“I just can’t put my finger on what it is – that says to me, ‘Watch out, don’t believe her’.” A lyric light years ahead of “Mary, Mary, where ya goin’ to?”, and a line that speaks to every human insecurity about the chances one takes when giving themselves to a new relationship. In ‘The Girl I Knew Somewhere’, Michael has crafted a perfect blend of tangential melody surrounded by concrete ruminations that are readily identifiable to anyone who has ever unwittingly fallen in love, and his echoing of the last verse that Micky has complete and knowing vocal control over (“Well goodbye dear, I just can’t take this chance again – my fingers are still burning from the last time”) is one of many small touches of genius in a song that manages to encompass both the desperation of the Beachboy’s ‘Girl Don’t Tell Me’ and the regrettable resignation of the Beatles’ ‘I’ll Be Back’, presented in an optimistically bright instrumental score with a novel harpsichord showcase straight from the imagination of Peter Tork. Whereas George Martin manufactured a speeded-up piano melody to evoke the quaint nostalgia of Lennon’s timeless classic ‘In My Life’, Peter’s harpsichord was a vitally original accompaniment conceived in the song’s initial recording, mainly because “It was just something that I wanted to do.” And so it became the final compliment to Nesmith’s lyrics and melody, coupled with Micky’s self-assured vocal rendition that Michael had obviously deemed superior to his original attempt, and the energetic performances all around: the higher key melded better with The Monkees’ existing musical translations; the professional bass ‘blueprint’ maintained the proper timing throughout hours of rehearsals and recorded takes that The Monkees as a unit had never experienced before; and the sympathetic cooperation of their most inherently-qualified producer and master engineer to preserve all of this effort on a 4-track open-reeled tape with a care and professional sheen befitting it’s unique structure. All the ingredients for a classic sound were there at the very outset of their independent recording.



The first ‘live’ group studio performance of this Nesmith song with his ‘guide‘ vocal, and the second one attempted after ‘Girl’ on the same day, ‘Sunny Girlfriend’ is a rousing number in the mold of ‘Sweet Young Thing’, except more playful and less deliberate than that tune, co-written with Carole King. It was a natural for their newly-independent LP debut, and another perfect fit for a future Monkees’ television episode. Mike’s vocal range is revealed to be every bit as versatile as Micky’s.

‘A Little Bit Me, A Little Bit You’, along with a whole lot of drama, is percolating just around the corner as the group at this point is completely unaware that their nemesis Don Kirshner has already commenced the production and distribution of The Monkees’ next official single- without ever having listened to their intended release.



“Around this time- Micky and his sister Coco cut two fantastic demos at RCA with Chip Douglas presiding over the board.” ([*]) ‘Midnight Train’ is never intended for release, but it provides an excellent example of Micky’s prowess on an acoustic guitar, his instrument of choice. Coco’s voice is so intricately intertwined with Micky’s that it recalls the razor-sharp harmony of other sibling duos such as the Everly Brothers and Bill and Charlie Monroe.

On Monday, February 27th, Don Kirshner is “officially dismissed as Music Coordinator for The Monkees project and head of Colgems Records.” ([*]) After appointing the release of the anemic, Davy Jones trifle ‘She Hangs Out’ as the B-side to the group’s third single, deliberately overruling “requests from Raybert and The Monkees to issue a ‘group’ performance on the flipside” of ‘A Little Bit Me, A Little Bit You’ (a two-sided Davy single? Madness!), even the executives could no longer tolerate such a grandiose use of power wielded by Don Kirshner, and for the last time. A revised single is issued in early March that replaces ‘She Hangs Out’ with ‘The Girl I Knew Somewhere’, but the damage to The Monkees’ “claims to the press that they would create their own music” had been sufficient enough to add to persistent questions of their abilities.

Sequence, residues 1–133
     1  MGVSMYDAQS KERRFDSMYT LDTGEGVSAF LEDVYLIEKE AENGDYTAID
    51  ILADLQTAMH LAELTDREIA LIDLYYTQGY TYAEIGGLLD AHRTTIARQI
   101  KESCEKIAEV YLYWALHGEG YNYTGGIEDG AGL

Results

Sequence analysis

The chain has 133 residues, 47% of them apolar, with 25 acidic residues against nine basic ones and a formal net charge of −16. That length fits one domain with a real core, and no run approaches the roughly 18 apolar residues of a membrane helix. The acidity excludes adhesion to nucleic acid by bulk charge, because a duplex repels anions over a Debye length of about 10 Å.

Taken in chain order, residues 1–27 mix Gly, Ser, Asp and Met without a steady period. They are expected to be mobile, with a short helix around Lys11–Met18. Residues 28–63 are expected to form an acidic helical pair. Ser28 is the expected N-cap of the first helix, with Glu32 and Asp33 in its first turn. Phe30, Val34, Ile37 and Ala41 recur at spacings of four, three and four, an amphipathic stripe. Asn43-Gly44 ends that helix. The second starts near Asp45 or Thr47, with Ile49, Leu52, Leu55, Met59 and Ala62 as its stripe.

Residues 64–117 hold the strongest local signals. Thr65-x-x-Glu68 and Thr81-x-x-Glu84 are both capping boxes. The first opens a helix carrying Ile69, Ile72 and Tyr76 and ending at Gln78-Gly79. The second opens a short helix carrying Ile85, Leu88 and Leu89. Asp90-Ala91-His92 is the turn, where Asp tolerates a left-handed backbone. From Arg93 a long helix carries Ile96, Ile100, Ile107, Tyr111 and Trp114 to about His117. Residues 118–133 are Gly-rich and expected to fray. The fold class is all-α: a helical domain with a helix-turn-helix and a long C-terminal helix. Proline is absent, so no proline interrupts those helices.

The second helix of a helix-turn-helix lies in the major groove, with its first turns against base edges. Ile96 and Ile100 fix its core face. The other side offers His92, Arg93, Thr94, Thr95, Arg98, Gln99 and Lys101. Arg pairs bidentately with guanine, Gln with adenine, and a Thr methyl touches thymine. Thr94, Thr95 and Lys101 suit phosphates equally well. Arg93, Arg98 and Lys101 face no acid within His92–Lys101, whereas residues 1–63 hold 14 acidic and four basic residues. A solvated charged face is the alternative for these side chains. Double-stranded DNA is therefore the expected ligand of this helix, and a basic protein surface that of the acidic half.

Micky’s “not very significant” composition, inspired by and written during his recent vacation in England, was another dual convenience for The Monkees’ franchise: completion of another serviceable television musical romp, and more filler material for an album or B-side. This was about as far removed from a ‘Last Train to Clarksville’ as Micky would ever get, but as a time capsule of a momentous time in his early adult life, it effortlessly edges aside less oblique fare that Nesmith has been creating lately (see ‘Sunny Girlfriend‘). Once again, Peter’s musicianship is in full flower on the jaunty piano work, another essential addition from the collective pre-fab Monkees machine. The lyrics are complete nonsense, designed more by Micky’s flow of word association and piecemeal memory of a stoned-out party in London than actually conveying a comprehensive incident or attitude. The ‘tom tom’ pounding, an intentional afterthought punctuating and closing the manic-sounding song, is an improvised flash of absurd brilliance in a structure that welcomes such contributions. Songs like ‘Randy Scouse Git’, along with diversions such as ‘Zilch’ and ‘Band 6’, are a trademark unique to the spirit and intent of The Monkees’ recorded output; consequently, the absence of these familiarly surprising grooves in the original vinyl albums would be an incomplete group representation, disheartening and much more conventional than the personable quirks that only a group like The Monkees could casually slip into their albums- a tv bit insinuating itself  on an LP side. There should have been more moments like that.